Oil executives testify about climate disinformation

By Ella Nilsen, Aditi Sangal, Angela Fritz, Meg Wagner and Adrienne Vogt, CNN

Updated 5:21 p.m. ET, October 28, 2021
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12:16 p.m. ET, October 28, 2021

Maloney presses Exxon CEO on inconsistencies between its own science and its public statements

Angela Fritz

 House Oversight Committee Chair Carolyn Maloney speaks during the hearing on Thursday, October 28.
 House Oversight Committee Chair Carolyn Maloney speaks during the hearing on Thursday, October 28. (Pool)

Maloney pressed ExxonMobil CEO Darren Woods on public statements that the company's former CEO, Lee Raymond, made in the mid-1990s, versus what Exxon's own scientists were reporting to the company.

Maloney: "As the world was debating an agreement to reduce greenhouse gas emissions, known as the Kyoto Protocol, here's what Mr. Raymond said in 1996, and I quote: 'Currently, the scientific evidence is inconclusive as to whether human activities are having a sig effect on the global climate,' end quote."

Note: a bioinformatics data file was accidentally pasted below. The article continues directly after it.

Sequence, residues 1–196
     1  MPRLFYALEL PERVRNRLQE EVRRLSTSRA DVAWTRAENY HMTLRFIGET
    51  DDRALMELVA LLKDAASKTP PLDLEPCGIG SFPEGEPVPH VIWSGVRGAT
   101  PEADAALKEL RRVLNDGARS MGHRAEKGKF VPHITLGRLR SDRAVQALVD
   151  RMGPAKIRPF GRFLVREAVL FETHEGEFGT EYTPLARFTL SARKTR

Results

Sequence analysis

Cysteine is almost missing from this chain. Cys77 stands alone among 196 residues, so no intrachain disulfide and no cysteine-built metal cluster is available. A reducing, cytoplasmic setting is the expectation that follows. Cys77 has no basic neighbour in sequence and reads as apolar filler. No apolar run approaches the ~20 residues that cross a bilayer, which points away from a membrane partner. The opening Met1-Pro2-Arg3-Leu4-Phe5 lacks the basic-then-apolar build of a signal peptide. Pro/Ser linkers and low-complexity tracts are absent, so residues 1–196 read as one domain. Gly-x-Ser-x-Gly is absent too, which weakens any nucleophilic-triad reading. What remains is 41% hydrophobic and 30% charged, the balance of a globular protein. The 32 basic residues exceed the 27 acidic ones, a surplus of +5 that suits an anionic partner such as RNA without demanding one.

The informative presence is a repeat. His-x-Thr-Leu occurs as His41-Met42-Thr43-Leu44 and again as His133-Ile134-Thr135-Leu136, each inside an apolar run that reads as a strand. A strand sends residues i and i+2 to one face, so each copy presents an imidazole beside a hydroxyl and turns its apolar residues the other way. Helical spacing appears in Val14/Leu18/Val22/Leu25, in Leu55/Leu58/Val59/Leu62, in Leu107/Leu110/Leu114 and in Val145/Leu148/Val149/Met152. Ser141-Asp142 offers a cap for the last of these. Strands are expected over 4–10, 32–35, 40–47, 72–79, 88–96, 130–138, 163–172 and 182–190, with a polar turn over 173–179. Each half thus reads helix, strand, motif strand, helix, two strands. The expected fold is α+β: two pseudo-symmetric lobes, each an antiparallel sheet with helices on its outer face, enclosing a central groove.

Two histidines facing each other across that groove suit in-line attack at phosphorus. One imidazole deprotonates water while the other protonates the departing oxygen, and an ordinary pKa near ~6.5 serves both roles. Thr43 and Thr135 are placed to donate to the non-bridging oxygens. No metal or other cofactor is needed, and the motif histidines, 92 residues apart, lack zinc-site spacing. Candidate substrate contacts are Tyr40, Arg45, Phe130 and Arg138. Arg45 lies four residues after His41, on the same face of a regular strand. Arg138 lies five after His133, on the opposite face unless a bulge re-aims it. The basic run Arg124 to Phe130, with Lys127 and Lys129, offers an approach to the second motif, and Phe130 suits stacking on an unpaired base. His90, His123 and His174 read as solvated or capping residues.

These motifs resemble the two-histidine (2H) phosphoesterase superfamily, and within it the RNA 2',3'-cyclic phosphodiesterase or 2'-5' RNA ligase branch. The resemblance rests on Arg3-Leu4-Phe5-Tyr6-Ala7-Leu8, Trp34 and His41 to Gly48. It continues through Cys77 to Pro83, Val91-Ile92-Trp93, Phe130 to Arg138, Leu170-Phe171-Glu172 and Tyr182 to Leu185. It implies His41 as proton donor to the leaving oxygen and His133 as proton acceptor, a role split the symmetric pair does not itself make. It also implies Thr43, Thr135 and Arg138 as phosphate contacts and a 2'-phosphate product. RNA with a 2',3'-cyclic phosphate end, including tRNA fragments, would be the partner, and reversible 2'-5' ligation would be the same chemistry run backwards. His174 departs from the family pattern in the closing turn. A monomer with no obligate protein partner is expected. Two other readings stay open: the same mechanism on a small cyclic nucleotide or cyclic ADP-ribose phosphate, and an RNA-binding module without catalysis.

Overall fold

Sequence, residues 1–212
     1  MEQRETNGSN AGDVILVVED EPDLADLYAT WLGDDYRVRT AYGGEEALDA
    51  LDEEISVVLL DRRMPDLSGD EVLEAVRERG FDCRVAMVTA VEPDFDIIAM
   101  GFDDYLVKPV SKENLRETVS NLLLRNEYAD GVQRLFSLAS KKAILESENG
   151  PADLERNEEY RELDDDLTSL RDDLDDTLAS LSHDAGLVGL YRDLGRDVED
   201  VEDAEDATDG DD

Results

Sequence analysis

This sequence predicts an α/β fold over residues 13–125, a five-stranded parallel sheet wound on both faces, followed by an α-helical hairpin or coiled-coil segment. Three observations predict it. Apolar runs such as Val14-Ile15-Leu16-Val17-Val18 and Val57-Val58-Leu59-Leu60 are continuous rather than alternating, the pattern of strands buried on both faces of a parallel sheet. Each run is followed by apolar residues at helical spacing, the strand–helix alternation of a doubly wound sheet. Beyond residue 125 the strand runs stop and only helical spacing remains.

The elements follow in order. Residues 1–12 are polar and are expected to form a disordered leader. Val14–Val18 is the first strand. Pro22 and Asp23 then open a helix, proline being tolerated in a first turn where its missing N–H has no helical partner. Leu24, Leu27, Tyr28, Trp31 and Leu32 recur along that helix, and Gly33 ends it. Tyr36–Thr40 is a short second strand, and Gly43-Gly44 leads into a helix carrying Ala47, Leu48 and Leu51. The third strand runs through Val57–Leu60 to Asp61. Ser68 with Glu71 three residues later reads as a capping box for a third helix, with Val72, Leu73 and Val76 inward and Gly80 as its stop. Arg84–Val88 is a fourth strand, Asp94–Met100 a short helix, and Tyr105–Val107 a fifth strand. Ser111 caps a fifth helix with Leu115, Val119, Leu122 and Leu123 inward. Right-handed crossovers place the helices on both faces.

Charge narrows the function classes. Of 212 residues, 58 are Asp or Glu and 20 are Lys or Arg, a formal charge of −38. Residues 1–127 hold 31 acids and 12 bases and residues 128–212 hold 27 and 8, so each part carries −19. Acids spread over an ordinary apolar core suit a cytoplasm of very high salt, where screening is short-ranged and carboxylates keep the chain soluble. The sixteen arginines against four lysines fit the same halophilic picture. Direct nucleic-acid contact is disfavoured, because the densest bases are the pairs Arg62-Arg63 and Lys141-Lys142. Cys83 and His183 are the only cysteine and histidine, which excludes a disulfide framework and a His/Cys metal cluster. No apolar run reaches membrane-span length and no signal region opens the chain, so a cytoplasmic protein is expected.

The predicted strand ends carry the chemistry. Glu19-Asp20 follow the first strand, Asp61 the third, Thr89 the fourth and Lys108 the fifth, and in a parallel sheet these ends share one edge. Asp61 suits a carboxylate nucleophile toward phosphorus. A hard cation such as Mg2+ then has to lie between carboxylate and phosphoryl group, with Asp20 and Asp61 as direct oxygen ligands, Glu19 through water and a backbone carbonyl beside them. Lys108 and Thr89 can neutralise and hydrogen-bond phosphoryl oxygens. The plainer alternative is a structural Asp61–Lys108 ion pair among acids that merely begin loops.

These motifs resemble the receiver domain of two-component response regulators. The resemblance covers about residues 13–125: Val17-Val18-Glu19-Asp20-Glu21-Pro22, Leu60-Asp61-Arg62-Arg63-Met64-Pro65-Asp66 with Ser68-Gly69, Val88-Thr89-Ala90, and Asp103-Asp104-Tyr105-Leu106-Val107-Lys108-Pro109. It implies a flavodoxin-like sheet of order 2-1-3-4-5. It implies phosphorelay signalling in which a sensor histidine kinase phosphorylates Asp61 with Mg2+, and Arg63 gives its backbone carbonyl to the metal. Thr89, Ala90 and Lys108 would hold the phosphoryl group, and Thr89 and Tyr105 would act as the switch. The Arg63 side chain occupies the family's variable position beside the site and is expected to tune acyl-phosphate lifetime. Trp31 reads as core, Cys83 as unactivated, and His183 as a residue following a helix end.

Maloney shared what she called a "secret briefing" from Exxon scientists in 1978 that said: "There's a general scientific agreement that the most likely manner in which mankind is influencing the global climate is through car dioxide release from the burning of fossil fuels."

She asked Woods whether the former CEO's remarks were inconsistent with the views of Exxon's scientists.

Woods responded: "No, I do not agree that there was an inconsistency. ... And I think our position has continued to evolve with the scientific community."

12:04 p.m. ET, October 28, 2021

The panel was asked if climate change is an existential threat. Here's how they responded.

Rep. Carolyn Maloney asked the six representatives from oil companies and lobbying groups who are testifying in front of Congress:

"Does anyone on the panel disagree with the statement from the United States and the Defense Department that climate change is an existential threat to our existence?"